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A Labour government would reset relations with the EU, says top MEP

If Britain votes in a Labour government under Sir Keir Starmer next month, it would reset relations with the European Union and pave the way for a range of actions to improve trade, travel environment, and defence links between the two, according to MEP Terry Reintke.

Speaking to i, Ms Reintke said Labour could start the delicate but much-needed repair of Britain’s relations with the EU after years of acrimony under successive Conservative governments. “With a new government and a clean slate for the relationship, there will be space to rebuild,” she said.

Ms Reintke, who is co-president of the Greens/European Free Alliance, one of the European Parliament’s powerful political groups, said the EU recognised Britain’s value as a partner in security and defence, notably with the war in Ukraine.

“Foreign policy, security and defence are going to play a much bigger role for the EU in the next five years, so it will be important for both the EU and the UK to have closer relations,” she said.

Ms Reintke said that the prospect of Donald Trump returning to the White House would likely bring the EU and UK closer. “We don’t know how the US elections are going to go, and this is putting pressure on all of us in Europe to be ready to act,” she said. “With the UK at our side, we will be much stronger. But the reverse is true for the case: for the UK, being closely aligned and cooperating closely on different questions – under the umbrella of Nato – is a win-win.” She added that one of the key areas of potential cooperation would be on developing green technologies in the face of fierce US and Chinese competition.

Sir Keir and his shadow Chancellor Rachel Reeves have suggested revising parts of Boris Johnson’s 2020 Brexit deal, the Trade and Cooperation Agreement, notably by aligning with EU rules in the chemicals and veterinary sectors, and greater mutual recognition of qualifications for financial services workers.

Ms Reintke, like EU insiders, says that alignment would be welcome. “The less friction we have in the trade, the better for both sides,” she said. “We have seen how much red tape Brexit has brought – and how difficult it is for small and medium-sized companies.”

However, she warned that a new government should not expect selective access to the EU’s cherished single market. Echoing the “no cherry-picking” mantra of the EU’s former Brexit negotiator Michel Barnier, she said this was an all-or-nothing issue: as long as Sir Keir rules out single market membership and a customs union with the EU, there will always be a limit to how far they can go. “What will not happen is that you get one part of the single market and not another,” she said. “This is going to remain a negotiating position of the European Union, because we really need the integrity of the single market.”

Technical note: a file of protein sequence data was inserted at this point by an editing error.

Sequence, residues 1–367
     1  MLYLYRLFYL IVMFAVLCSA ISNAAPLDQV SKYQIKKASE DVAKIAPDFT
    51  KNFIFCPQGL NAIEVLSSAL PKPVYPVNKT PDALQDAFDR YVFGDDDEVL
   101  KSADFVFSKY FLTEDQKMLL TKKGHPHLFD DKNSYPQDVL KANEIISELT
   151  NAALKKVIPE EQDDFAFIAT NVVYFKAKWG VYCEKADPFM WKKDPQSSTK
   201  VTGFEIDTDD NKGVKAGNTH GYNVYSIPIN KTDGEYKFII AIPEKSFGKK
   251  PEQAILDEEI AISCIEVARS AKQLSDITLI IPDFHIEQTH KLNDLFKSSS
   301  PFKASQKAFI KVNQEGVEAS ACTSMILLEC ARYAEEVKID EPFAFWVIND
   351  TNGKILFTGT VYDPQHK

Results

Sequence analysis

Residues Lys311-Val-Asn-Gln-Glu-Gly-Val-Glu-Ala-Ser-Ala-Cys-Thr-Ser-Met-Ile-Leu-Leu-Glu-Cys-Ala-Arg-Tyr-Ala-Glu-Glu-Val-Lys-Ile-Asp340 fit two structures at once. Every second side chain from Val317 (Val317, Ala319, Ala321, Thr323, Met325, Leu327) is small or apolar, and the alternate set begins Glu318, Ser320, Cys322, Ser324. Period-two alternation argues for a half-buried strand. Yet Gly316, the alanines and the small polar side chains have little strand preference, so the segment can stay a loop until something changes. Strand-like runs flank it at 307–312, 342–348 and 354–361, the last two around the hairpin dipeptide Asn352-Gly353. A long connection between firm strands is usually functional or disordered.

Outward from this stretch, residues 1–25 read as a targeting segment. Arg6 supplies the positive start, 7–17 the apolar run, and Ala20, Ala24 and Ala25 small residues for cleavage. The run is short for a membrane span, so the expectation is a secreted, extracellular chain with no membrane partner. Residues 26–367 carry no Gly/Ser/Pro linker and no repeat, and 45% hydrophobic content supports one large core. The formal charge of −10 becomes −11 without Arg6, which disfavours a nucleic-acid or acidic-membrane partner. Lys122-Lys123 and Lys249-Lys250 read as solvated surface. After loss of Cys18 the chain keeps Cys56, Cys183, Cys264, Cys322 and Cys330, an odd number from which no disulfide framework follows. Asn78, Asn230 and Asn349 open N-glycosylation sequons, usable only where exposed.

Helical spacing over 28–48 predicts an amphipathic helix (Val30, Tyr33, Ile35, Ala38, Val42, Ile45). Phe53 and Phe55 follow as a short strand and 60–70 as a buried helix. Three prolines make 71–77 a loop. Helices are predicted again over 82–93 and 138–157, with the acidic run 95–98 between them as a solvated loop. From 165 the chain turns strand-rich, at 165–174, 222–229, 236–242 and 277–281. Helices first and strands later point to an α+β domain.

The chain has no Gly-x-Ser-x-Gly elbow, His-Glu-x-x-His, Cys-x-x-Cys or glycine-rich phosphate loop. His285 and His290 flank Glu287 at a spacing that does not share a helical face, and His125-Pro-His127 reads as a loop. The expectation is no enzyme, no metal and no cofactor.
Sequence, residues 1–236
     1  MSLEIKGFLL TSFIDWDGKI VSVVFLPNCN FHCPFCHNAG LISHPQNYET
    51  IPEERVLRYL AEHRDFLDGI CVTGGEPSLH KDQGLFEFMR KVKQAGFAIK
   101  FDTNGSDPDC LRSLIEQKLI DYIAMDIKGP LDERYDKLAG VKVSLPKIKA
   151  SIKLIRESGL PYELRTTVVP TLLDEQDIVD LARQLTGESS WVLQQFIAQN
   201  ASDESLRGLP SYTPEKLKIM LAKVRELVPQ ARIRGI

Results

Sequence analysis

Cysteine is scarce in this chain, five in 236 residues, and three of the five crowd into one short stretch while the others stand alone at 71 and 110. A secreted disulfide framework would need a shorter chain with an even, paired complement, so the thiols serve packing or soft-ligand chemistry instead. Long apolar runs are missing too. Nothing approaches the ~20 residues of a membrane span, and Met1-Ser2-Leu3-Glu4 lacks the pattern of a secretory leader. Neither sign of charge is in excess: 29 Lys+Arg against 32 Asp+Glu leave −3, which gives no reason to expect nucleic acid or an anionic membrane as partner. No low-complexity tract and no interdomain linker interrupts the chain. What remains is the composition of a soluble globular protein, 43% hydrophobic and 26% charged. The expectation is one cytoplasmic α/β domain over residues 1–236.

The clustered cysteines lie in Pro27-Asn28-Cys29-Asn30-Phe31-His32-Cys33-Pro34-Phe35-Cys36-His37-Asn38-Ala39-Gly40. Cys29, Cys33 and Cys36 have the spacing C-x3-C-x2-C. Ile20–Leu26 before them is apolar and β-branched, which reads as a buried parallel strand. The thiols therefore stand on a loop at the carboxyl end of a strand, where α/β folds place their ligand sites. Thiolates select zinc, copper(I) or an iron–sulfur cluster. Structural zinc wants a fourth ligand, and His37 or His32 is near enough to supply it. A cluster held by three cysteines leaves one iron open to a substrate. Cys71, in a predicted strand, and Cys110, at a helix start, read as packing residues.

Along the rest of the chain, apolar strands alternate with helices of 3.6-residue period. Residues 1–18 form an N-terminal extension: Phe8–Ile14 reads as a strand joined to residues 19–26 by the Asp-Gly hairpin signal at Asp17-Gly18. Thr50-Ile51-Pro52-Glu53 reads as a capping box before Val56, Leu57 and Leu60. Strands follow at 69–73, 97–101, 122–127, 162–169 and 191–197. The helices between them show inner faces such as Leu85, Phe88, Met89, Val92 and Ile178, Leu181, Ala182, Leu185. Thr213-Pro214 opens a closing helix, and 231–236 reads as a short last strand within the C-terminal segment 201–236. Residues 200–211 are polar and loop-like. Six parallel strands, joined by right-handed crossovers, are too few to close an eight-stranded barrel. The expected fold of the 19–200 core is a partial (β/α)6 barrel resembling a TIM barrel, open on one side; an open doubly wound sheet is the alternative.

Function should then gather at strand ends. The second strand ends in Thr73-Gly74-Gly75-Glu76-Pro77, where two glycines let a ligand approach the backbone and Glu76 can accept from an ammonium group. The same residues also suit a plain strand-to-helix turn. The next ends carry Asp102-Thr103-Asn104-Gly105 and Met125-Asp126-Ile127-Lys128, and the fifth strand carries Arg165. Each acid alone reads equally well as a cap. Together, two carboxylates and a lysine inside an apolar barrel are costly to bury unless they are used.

Ms Reintke also underlined the opportunity for the UK to align with the EU on carbon taxes through their respective emissions trading schemes (ETS), where large polluters can trade allowances to emit a certain amount of carbon dioxide. “These are the kind of proposals that would make sense,” she said. “The UK is not part of the EU’s ETS anymore, but staying as closely aligned as possible is really helpful, not only from a climate perspective but also from an economic perspective. We can see a race to the bottom and we want a global system – so this is not only about Europe. If we want to create a global system to decarbonise our industry and our economies, we should work together.”

Ms Reintke, who studied in Scotland under the Erasmus student exchange scheme, was particularly keen to see the EU and UK agree a deal on youth mobility. “This is obviously great for EU students, apprentices and young people,” she said. “It is also something that really benefits the UK. And I hope that we can get back on this path rather than having a very hostile attitude towards the European Union.”

She said that while Brexit has fallen down the EU’s policy agenda, there is a willingness in Brussels to repair the frayed relations. “Other MEPs and people in the European Commission all agree that strengthening the collaboration with a UK government that is more cooperative with the EU would be very much welcome.

“And to be honest, things could have been dealt with in a much easier and more constructive way if the Tory governments did not go for as hard a Brexit as possible.”

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